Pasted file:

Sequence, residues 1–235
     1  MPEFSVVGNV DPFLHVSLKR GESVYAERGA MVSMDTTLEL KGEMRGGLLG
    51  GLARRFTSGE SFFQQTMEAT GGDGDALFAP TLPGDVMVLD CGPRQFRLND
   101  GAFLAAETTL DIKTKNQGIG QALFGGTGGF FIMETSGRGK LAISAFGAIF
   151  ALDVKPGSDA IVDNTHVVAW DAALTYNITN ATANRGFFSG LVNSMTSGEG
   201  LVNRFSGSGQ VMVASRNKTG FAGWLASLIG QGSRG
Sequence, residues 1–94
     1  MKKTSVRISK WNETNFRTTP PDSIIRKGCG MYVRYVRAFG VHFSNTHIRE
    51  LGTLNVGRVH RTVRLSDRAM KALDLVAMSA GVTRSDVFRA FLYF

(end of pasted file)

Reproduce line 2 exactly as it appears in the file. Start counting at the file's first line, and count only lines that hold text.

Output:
     1  MPEFSVVGNV DPFLHVSLKR GESVYAERGA MVSMDTTLEL KGEMRGGLLG